Laurie Adams is one such employee. She’s been living on Social Security disability payments since 1993, and has been an employee of Altamont since 2013. Her passion for the job, and the ways it has improved her life, could stir even the coldest heart.

“I got the job through Crossroads,” Laurie says. “It’s a facility for people with mental illness, and they help you find jobs.” She tells the story of how the organization, which works with Tulsa’s Mental Health Association, helped to find somewhere she could work that would be compatible with her medical needs.

“I signed into Crossroads one day, and my advocate came running back. ‘Come here! Come here!’ And she had a man on the phone who wanted to know if I could work one day a week, baking,” she says. “I got an appointment to come in and tour, and talk to the powers that be—and they hired me on the spot.”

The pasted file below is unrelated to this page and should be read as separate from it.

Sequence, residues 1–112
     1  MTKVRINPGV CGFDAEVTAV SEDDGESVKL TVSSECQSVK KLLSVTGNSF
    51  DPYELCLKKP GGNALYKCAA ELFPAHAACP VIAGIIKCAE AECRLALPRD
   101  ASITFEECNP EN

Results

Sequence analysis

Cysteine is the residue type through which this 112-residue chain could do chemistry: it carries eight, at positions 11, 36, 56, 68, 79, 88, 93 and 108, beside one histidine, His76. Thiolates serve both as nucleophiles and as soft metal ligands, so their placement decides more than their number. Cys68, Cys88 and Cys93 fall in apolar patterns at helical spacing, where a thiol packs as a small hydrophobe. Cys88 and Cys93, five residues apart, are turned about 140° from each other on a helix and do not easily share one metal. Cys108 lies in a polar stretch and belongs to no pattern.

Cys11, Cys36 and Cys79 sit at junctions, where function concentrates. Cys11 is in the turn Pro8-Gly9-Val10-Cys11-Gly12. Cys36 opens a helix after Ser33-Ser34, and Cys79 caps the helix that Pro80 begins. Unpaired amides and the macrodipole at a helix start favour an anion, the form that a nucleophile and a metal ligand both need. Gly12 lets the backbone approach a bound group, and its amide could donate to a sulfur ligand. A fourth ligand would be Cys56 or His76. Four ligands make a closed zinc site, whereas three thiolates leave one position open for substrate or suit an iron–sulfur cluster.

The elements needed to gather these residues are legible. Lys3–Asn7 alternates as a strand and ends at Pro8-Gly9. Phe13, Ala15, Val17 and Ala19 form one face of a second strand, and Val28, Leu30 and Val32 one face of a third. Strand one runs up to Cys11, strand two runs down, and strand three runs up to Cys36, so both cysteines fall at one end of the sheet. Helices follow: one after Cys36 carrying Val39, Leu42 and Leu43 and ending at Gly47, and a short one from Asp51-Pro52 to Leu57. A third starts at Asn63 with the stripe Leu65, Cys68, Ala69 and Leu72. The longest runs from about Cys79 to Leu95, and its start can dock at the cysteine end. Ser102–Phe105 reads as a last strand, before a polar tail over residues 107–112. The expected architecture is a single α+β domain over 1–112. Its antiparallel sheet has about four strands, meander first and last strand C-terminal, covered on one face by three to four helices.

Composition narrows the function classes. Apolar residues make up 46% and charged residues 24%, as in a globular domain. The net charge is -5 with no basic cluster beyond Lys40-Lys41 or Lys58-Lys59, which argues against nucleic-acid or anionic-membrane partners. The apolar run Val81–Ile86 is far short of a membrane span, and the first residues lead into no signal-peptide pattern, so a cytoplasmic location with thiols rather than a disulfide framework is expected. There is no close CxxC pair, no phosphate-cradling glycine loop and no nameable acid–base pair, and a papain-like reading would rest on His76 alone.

She’s appreciative of Crossroads for finding her the opportunity—but only to a point. “They got me the interview,” she says. “I got the job.”

Her job entails working one long day, generally Tuesday, in supervisory capacity over the station where workers weigh and portion the dough according to the day’s needs. The Altamont only makes three types of cookies—oatmeal raisin, chocolate chip and sugartops—but the quantities for a staff this size are massive. Orders of 5,000 aren’t unusual, especially around the holidays. For her, this is the middle of a day that promises to be long.

“It’s stressful, it’s loud and we work extra hours.” Indeed, it’s not common for the hours on Tuesday to be late, the orders so large that they necessitate a second day of baking, especially in December. “It’s Hanukkah, it’s Christmas and it’s Kwanzaa. So we’ve got all these big orders for people. And it’s a madhouse.”